Advertisement

Pure & Simple Cafe owners to relocate to open 'health depot'

May 20, 2010|By KATE S. ALEXANDER

GREENCASTLE, PA. -- Three years ago, Cathy Pence and her husband, David, brought a mix of fresh, local and organic food to Greencastle in their small cafe on Baltimore Street.

This year, the couple hopes that a new location and expanded business hours will open more people to the flavors of health served at Pure & Simple Cafe.

As early as July, the cafe could open at its new location at 164 E. Baltimore St., Cathy Pence said.

"We plan to expand our hours to 7 p.m. and offer even more choices," she said.

Pence said she and her husband purchased the entire complex including the rear building from Charles Rake, who operated Greencastle Coffee Roasters out of the building for 15 years.

Calling their concept for the property a "health depot," Pence said the cafe will work in consort with the retail health store, Alternative Choices, which is in the rear building along Allison Street.

Advertisement

She also plans to offer massage therapy and colon hydrotherapy at the building on Allison Street.

Pure & Simple Cafe was born three years ago from Pence's work as a health counselor and a pastor, she said.

Pence and her husband are pastors at the Life Center in Greencastle.

Having lost both family and friends to the effects of a poor diet, Pence said she began a "journey" to learn how food should work with and for the body.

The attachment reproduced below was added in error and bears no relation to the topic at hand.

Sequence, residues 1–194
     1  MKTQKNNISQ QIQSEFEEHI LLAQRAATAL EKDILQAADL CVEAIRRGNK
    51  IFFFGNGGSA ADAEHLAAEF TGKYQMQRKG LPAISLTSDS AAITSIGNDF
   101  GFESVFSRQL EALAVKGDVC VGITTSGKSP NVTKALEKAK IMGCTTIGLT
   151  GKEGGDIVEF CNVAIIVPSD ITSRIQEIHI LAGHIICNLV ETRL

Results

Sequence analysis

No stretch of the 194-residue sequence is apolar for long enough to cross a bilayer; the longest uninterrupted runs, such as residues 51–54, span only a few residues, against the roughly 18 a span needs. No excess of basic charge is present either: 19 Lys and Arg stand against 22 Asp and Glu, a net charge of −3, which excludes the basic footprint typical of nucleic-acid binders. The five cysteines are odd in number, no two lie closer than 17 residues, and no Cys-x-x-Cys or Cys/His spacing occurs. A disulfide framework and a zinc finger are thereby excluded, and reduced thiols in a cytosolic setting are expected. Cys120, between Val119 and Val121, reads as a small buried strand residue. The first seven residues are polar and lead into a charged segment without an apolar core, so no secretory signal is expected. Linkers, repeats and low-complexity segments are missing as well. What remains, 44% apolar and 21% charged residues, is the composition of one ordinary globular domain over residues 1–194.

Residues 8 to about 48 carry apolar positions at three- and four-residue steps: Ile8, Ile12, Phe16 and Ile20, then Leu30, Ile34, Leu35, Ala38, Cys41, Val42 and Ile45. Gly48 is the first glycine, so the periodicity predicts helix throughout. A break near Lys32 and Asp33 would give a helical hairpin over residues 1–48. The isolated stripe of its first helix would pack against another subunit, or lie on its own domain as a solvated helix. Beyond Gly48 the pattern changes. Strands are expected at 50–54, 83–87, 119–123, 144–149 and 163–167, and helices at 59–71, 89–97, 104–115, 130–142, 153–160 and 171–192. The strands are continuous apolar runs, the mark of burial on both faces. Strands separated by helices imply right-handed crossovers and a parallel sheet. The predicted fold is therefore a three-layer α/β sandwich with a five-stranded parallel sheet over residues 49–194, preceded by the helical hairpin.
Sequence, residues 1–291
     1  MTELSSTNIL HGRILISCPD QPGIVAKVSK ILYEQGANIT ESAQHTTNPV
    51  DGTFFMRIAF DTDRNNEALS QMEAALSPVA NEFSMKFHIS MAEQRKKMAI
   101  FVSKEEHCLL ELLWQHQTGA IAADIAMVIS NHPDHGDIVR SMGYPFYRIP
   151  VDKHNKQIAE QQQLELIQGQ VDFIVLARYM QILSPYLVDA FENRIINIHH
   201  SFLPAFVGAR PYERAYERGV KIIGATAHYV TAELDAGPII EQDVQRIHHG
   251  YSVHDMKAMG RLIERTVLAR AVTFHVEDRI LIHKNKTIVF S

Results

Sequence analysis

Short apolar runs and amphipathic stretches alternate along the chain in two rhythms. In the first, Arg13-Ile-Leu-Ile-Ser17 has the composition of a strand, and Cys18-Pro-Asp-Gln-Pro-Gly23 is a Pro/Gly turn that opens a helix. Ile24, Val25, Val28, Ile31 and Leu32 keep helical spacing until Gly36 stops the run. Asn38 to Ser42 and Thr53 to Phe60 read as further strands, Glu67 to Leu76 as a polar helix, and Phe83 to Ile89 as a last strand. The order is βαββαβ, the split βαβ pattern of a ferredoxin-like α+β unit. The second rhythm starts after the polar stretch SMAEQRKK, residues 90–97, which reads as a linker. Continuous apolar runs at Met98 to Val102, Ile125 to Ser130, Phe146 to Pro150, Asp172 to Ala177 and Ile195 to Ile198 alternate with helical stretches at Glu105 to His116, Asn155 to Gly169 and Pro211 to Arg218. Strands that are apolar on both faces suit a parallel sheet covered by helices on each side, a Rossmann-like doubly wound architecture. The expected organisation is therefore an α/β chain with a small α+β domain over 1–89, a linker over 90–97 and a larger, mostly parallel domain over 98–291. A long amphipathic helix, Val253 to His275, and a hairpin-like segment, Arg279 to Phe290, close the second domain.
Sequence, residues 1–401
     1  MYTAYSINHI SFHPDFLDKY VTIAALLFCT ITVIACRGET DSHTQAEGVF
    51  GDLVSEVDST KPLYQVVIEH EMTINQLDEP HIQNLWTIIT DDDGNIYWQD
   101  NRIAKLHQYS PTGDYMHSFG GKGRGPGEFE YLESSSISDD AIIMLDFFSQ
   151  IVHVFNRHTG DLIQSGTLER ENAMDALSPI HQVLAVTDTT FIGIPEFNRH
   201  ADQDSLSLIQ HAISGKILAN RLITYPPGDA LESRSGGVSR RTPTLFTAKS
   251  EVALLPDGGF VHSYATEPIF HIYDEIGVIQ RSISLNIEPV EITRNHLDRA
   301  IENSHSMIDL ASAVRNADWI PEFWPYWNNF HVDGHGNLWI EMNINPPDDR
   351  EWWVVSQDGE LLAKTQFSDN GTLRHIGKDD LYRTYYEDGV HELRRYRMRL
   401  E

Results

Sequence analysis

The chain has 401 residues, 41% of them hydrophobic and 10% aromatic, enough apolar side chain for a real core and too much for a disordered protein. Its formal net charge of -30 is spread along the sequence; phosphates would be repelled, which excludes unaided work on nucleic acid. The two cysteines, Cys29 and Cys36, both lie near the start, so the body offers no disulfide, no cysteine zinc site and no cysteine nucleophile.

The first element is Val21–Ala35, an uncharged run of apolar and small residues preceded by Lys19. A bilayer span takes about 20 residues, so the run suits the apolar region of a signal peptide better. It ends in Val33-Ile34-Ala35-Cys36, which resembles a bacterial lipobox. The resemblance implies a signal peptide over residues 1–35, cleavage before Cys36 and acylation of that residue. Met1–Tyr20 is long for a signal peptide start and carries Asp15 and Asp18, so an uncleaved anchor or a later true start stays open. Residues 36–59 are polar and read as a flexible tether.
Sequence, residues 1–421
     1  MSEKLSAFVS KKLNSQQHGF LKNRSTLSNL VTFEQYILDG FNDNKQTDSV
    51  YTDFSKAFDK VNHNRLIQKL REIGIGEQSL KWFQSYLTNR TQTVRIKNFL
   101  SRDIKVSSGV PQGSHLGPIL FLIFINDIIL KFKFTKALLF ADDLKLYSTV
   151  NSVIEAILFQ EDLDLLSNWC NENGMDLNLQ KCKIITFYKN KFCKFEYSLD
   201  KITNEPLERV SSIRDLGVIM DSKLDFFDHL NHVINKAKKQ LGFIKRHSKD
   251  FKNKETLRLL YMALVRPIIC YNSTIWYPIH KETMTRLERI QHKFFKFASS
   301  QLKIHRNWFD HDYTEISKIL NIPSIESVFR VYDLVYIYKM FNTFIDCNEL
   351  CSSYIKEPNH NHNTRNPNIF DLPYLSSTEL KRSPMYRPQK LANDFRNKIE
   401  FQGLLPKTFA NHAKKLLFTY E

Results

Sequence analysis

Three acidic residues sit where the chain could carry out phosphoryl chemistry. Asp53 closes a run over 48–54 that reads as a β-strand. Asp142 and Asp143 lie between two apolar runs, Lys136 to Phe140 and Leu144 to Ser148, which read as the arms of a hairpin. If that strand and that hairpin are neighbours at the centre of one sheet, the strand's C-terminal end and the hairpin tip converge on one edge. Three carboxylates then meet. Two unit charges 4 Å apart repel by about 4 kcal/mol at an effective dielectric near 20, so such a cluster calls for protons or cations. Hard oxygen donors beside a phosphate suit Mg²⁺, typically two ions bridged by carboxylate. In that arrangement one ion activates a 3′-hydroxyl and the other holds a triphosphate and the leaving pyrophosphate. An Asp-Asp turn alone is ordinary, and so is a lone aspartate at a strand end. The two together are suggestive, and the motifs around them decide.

Along the way to earning her credentials in naturopathy and starting her business, she welcomed clients into her home to teach them how to prepare the healthy, yet flavorful recipes.

"People would tell me I needed to open a restaurant, if I heard it a 100 times," she said.

Owning a cafe was not part of her plan when she and her husband moved to the area after he retired from the Air Force, she said.

Yet she could not help but bubble with excitement when speaking of the cafe's future.

"The response we have gotten to the cafe is amazing," she said. "We sacrifice health on the altar of convenience in this country, and while it might be cheap, in the long run, it is costly. So it is our goal to make quality food as fast as possible."

The building on the corner of Baltimore and Allison streets is 7,800 square feet she said, or enough room to serve as many as 40 people.

Because education is as much a part of the cafe as is dining, Pence said she will continue to offer classes, counseling, books and products.

Planning to expand the menu to include dinner options, she said, everything served at the cafe is fresh and organic.

Thanks to Pence's relationship with Greencastle Coffee Roasters and local farmers, most of the food and the coffee will come from local suppliers.

"Some of the best produce goes right by here, gets on (Interstate) 81 and heads to (Washington) D.C.," she said. "I try to support those farmers and bring that wonderful food to people here."

With a large warehouse area at the rear of the new building, Pence said she is hoping to someday open a small farmers market.

For now, her focus is on renovating the interior of the building to add a kitchen, seating, a beverage bar and a private party room so that the business can move this summer.

As for the smell of coffee roasted into the brick of the building -- that, she said, will remain.

"It's part of the atmosphere," she said.

The Herald-Mail Articles
|
|
|